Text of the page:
The Hami section of Beijing-Xinjiang Highway in Hami, Northwest China's Xinjiang Uygur autonomous region, June 18, 2017. (Xinhua Photo)
The only thing visible from the ground or air was mountains and mountains of sand. There were no roads, no houses, no trees, no water — nothing but sand. That one day there would be any sign of civilization in the middle of Gobi Desert was unthinkable a decade ago. But if there’s one country that knows how to do the unthinkable, it is China.
In fewer than 10 years, China has constructed a gleaming highway in the middle of that desert that stretches 2,768 kilometers from Beijing to Urumqi in the Xinjiang Uygur autonomous region. The highway, the world’s longest expressway passing through a desert, has shortened the distance between the two cities by 1,300 km.
But there’s a bigger goal behind this technological feat than reducing travel time. Xinjiang is a crucial gateway for the Belt and Road Initiative, as it borders Mongolia, Russia, Kazakhstan, Kyrgyzstan, Tajikistan, Afghanistan and India. Its land border with seven countries means it is best placed to expand China’s trade and ties not only with these neighboring nations, but also with Europe and beyond.
The initiative, which has already attracted more than 80 countries and international organizations, has two prongs: The Silk Road Economic Belt and the 21st Century Maritime Silk Road. The belt links China with Central Asia, Russia, Europe, the Middle East, Southeast Asia and South Asia. Xinjiang comes into play under this plan. On the other hand, the road links China’s coast to Europe through the South China Sea and the Indian Ocean on one route, and China’s coast through the South China Sea to the South Pacific on the other.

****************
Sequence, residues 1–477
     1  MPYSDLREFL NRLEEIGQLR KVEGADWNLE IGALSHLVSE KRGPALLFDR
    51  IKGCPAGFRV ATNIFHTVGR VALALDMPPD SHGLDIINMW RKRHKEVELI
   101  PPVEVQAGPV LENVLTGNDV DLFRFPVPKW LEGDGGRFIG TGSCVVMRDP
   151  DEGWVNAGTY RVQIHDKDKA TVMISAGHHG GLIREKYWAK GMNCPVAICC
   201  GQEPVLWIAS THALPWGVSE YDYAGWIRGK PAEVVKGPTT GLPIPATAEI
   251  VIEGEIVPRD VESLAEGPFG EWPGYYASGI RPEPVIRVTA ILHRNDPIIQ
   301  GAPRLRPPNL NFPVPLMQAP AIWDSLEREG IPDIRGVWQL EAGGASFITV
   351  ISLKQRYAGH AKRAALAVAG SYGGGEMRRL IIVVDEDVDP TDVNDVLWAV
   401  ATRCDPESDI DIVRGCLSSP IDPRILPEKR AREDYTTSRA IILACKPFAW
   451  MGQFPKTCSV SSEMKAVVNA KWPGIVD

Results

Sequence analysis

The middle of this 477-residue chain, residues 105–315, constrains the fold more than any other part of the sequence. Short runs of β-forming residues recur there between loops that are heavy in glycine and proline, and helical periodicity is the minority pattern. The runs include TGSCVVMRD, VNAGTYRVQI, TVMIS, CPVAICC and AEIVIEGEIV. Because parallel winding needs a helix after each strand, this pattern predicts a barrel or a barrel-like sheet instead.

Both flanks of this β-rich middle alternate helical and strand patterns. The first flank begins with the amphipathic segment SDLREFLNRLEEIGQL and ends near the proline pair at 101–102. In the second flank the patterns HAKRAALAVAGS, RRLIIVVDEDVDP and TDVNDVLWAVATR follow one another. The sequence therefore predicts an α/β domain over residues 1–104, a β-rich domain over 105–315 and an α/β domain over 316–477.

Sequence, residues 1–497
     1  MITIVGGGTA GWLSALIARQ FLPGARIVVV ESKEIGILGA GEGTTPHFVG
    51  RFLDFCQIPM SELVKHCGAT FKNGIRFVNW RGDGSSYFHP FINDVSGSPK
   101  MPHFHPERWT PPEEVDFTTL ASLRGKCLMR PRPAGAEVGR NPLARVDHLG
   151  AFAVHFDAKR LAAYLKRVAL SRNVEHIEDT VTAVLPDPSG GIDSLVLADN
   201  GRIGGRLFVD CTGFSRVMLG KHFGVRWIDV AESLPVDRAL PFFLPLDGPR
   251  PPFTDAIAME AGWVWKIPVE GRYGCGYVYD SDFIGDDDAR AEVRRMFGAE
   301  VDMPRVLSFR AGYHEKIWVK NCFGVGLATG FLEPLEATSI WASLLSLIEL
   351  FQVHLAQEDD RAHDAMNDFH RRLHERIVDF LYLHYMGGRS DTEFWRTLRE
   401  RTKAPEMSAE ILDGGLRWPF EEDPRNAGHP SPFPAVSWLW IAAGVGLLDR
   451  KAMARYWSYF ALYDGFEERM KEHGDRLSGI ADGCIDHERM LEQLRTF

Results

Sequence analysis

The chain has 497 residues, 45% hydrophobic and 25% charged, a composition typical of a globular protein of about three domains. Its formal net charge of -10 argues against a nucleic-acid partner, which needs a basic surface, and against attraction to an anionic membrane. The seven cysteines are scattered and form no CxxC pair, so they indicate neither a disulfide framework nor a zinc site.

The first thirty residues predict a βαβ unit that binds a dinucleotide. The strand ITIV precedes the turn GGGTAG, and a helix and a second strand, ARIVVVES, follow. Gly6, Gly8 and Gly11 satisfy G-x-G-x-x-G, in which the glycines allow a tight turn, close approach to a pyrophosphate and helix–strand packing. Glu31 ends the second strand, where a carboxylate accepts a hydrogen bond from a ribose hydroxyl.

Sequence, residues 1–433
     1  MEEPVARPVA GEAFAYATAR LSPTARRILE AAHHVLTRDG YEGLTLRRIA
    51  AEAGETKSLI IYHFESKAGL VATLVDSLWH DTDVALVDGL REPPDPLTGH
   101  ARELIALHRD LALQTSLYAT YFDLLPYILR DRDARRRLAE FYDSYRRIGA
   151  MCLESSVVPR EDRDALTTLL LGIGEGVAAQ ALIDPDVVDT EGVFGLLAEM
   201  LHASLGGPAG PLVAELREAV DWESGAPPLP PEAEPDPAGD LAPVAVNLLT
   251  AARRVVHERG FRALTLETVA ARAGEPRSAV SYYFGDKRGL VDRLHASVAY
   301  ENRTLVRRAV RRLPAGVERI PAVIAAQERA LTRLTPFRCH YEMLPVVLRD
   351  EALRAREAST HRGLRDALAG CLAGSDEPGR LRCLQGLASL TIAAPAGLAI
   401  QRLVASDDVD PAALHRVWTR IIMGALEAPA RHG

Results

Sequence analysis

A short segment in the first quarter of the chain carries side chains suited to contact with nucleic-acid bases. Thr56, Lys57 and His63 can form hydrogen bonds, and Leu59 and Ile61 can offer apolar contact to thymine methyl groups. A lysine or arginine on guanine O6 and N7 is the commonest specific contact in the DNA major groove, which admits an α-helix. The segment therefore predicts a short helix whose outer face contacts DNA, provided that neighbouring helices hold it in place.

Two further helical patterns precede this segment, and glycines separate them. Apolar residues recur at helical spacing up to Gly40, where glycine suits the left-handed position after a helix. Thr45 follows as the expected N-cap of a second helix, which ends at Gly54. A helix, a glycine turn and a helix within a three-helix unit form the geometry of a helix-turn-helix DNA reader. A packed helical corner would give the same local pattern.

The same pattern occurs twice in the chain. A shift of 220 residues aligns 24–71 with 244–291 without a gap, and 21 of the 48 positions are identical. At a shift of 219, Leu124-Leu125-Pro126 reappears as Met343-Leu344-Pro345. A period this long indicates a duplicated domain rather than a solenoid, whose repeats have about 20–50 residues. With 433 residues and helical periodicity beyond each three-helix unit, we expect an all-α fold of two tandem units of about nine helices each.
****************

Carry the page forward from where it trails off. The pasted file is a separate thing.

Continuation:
Globally, the China-Pakistan Economic Corridor, a port city in Sri Lanka and the high-speed railway in Indonesia are some of the biggest current projects under the initiative.
Domestically, Fujian, the launch pad of the ancient Maritime Silk Road, and Xinjiang are at the center of action.
The Beijing-Urumqi highway is part of this initiative.
Xinjiang, which the central government hopes will serve as a transportation hub and commercial, logistics and cultural center in the near future, already plays an important role in China’s economic growth, as almost all imports and exports to and from Central Asia pass through it.
One of the goals of the initiative, which was first proposed by President Xi Jinping in Astana, Kazakhstan in 2013, is to boost economic growth in Xinjiang, which like the rest of the western region, lags behind other more developed parts of the country.
To reduce this regional disparity, the local government plans to invest billions of dollars in infrastructure construction, including airports, roads and railway networks. In 2017, Xinjiang invested about 450 billion yuan ($66b) in infrastructure, an increase of 50 percent year-on-year.
Last year, 700 freight trains began their journey from Urumqi to Europe. This year, around 1,400 trains loaded with goods are expected to head west. The mining sector, healthcare and tourism are some areas projected to benefit from the BRI.
By government figures, Xinjiang’s economy grew 7.6 percent year-on-year in 2017. It recorded 20 percent annual growth in its fixed-asset investment and its foreign trade expanded 19.9 percent year-on-year. The region’s GDP totaled 1.09 trillion yuan last year, according to this year’s Government Work Report. Xinjiang’s urban and rural per-capita disposable income was 30,775 and 11,045 yuan, respectively, up 10.1 percent and 9.9 percent in real terms. And its economy is projected to grow 7 percent year-on-year, with per-capita disposable income expected to go up 8.5 percent.
Xinjiang attracted more than 100 million tourists in 2017, up 32.4 percent year-on-year. They spent over 182 billion yuan last year, a 30 percent increase over 2016.
As the region borders Central Asia, it is witnessing a steady growth in medical tourism. Its hospitals receive hundreds of patients from Kazakhstan, Uzbekistan and other neighboring countries every year. With Xinjiang’s medical sector beginning to play an important role in the BRI, the regional government has launched a number of initiatives ranging from attracting more specialist doctors to expanding networks for online consultation and even remote surgery.
It seems Xinjiang, once the heart of the ancient Silk Road, is prepared to play a central role in the Belt and Road Initiative.
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